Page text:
One, two, three… eighteen years gone since Sulaimon Olufemi, a Nigerian national, has been in detention over his alleged involvement in a mob action that claimed the life of a Saudi Arabian police officer.
The incident happened at the car park where Sulaimon worked as a car cleaner in Saudi Arabia in 2002.
He was arrested with 12 other Nigerians, but others have been released while some deported after completing their jail terms.
Yet, Sulaimon has been in prison since May 2005 after his death sentence by the highest court.
Then the Saudi Arabian Human Rights Commission, the country’s official human rights institution wrote to confirm that the death sentence had been upheld earlier by the Court of Cassation and the Supreme Judicial Council in April 2007, meaning he has no recourse to further appeal.
To counter this verdict, his family recently stormed the Lagos office of the Chairman/Chief Executive Officer of Diaspora Commission (NIDCOM), Hon. Abike Dabiri Erewa.
After tabling their concerns, she said “Though efforts are on by the federal government through the Ministry of Foreign Affairs to get him released, the visit of the Olufemi family at this particular time is a right thing in the right direction”.
She therefore assured the family members that all efforts are on towards Sulaimon’s release through ‘plea for clemency’.
Suliamon Olufemi is a Nigerian national, born in Lagos on April 20, 1978. He was the youngest among other Nigerians tortured during the interrogation.
Allegedly under duress and trying to avoid death, Sulaimon thumb printed what was unknown to him to be a confessional statement that could affect his trial because he did not understand the contents since it was prepared in Arabic.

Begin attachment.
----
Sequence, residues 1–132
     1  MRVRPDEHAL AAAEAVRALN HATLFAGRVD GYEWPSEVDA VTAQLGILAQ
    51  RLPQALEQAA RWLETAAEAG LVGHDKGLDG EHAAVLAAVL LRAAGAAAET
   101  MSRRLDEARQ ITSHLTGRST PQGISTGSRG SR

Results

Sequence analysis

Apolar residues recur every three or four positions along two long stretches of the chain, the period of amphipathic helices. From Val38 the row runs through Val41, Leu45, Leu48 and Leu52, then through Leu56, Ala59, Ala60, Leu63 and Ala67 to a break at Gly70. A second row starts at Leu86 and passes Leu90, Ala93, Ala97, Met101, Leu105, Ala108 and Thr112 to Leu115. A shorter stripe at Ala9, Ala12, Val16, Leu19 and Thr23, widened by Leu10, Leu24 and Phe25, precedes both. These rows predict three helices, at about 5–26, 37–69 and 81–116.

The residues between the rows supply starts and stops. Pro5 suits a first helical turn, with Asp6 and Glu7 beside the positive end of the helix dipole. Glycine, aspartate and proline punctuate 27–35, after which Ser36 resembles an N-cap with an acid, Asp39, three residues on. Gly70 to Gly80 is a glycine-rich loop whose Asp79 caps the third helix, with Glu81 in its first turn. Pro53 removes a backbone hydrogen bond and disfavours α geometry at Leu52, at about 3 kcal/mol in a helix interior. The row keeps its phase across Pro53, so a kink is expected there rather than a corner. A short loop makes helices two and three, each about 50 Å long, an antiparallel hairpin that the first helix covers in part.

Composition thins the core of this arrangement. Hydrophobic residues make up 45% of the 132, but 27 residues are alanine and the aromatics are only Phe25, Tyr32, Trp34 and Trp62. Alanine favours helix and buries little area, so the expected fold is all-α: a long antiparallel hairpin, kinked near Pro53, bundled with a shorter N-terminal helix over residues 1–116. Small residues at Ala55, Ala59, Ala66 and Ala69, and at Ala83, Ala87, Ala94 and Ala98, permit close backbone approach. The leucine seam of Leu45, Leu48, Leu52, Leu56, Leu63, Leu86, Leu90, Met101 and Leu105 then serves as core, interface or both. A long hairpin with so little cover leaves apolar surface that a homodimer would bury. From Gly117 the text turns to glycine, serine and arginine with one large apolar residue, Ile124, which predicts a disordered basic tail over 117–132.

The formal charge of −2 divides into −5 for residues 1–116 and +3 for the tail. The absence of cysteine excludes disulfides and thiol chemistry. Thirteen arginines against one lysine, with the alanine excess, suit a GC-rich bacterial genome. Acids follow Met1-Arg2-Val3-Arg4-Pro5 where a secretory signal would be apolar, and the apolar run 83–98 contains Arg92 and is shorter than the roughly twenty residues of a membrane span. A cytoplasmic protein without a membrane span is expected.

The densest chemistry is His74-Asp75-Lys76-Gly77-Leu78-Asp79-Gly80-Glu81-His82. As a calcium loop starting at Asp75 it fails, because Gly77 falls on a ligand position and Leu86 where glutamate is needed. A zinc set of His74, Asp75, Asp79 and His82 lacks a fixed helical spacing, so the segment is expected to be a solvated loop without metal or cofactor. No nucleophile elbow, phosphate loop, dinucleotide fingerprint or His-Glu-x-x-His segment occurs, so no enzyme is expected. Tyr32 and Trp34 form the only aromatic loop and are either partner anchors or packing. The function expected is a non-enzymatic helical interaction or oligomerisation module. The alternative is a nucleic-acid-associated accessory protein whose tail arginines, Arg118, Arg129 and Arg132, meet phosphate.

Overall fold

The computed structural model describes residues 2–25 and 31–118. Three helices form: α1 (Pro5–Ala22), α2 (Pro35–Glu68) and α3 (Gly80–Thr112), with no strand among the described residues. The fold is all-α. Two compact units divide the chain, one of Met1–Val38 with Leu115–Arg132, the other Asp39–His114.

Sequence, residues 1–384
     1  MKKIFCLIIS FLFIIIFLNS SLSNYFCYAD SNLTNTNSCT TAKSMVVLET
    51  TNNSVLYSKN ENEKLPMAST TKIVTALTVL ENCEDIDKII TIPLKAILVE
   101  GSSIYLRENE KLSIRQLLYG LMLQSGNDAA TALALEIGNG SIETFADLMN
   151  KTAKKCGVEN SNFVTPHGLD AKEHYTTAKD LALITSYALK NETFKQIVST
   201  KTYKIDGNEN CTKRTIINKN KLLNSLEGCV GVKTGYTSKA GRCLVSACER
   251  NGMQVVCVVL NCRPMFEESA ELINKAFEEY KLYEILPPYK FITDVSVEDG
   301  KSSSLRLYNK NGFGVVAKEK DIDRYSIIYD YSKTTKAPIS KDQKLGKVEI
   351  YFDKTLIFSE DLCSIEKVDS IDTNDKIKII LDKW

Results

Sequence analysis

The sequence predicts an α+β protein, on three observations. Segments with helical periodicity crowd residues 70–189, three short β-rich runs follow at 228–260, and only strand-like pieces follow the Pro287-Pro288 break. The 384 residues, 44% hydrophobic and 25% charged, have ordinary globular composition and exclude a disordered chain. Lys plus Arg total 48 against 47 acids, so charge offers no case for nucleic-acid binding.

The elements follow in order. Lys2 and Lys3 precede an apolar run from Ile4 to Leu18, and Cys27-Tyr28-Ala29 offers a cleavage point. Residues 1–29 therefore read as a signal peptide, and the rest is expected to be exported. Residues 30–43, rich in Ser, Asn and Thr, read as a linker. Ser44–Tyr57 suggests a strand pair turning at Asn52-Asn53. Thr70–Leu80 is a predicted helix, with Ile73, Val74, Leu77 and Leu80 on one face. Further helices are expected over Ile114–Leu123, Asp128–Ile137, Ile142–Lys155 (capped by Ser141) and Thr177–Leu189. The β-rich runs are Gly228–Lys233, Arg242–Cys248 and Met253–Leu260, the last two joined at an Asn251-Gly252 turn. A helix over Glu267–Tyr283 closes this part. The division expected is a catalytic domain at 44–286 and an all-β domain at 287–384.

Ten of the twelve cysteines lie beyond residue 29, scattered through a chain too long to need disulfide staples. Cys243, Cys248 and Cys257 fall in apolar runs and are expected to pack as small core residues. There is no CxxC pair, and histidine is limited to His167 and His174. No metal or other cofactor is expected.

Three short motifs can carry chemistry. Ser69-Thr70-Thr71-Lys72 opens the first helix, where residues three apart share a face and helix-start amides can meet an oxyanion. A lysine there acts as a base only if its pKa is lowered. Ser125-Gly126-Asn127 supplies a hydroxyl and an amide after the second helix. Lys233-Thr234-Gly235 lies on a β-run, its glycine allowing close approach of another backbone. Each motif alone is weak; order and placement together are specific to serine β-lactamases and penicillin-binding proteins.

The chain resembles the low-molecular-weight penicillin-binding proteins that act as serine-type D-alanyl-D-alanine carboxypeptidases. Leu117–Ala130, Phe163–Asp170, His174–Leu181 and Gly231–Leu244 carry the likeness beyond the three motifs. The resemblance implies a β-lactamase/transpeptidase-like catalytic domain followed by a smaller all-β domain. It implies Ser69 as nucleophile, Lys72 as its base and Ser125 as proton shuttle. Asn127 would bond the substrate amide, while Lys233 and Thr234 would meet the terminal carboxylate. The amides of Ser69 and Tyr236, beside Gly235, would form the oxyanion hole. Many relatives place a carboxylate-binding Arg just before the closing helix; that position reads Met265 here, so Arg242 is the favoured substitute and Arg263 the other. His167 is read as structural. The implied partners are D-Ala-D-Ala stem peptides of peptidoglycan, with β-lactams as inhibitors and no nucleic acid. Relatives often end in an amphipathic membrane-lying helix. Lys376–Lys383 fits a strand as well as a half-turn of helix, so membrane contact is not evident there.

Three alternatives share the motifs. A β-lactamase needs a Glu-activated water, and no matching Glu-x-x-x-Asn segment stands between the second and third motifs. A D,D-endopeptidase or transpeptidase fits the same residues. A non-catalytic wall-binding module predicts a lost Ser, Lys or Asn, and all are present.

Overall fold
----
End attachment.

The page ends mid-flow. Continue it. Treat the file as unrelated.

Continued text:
It was at the court that he realised the gravity of the statement he had fingerprinted which implicated him when a Sudanese translator at the trial asked in English, if it was true he had pointed a gun at the head of the dead police officer.
Based on Shari’a law in Saudi Arabia, if a crime of this nature is punishable under the rule of qisas (retribution), then the relatives of the murdered person have the right to decide if the offender should be executed or pardoned.
Analysing the circumstances surrounded the arrest of Sulaimon, Dabiri-Arewa said, “There were people arrested, but unfortunately he was the only sentenced to death while others were released”.
She stated further that “the pending issue now is that of police that was killed had a daughter of about two years when the incident happened. The child is 18years presently, and she can decide if to forgive Sulaimon or not. and I hope when the authority sees the aged parents of Sulaimon in tears, they will reconsider their stand and temper justice with mercy.”
The visit of the family served as renewal appeal for the release of Sulaimon and this was rekindled in the emotion-laden event when the patriarch of the family, Pa Yavinaku Olufemi joined the appeal for clemency.
Tears blurring his eyes, the octogenarian father of Sulaimon, pleaded with the Saudi Authority to release his son to him by letting go. In his words, “As I am aging, I want to see Sulaimon before answering God’s call. I could not continue with my former work because he has been an important boy to me”. He stated further that “whatever might be the nature of his involvement in the case the Saudi Authority should please pardon and release him”.
Also his aged mother, Kikelomo Olufemi, with tears welling up in her eyes lamented and said “whenever I think of Sulaimon, I feel his absence and I feel sad because he is part of me”.
His brother’ wife added, “Sulaimon was known to be a gentleman and peacemaker. We are missing him since he left Nigeria. Life generally is more the same, so we are pleading with the government to pardon him”.
Earlier, the eldest son of the family, Olabode Olufemi, explained how his brother went to Saudi Arabia with umrah visa in 2002 to work and the incident happened a little time after he had arrived atSaudi Arabia.
He further clarified, “Sulaimon has been on death row for over 18years on the case he knew nothing about’.
He therefore begged the authority in Saudi to please forgive and release him, because he is not a trouble maker and the family feels his absence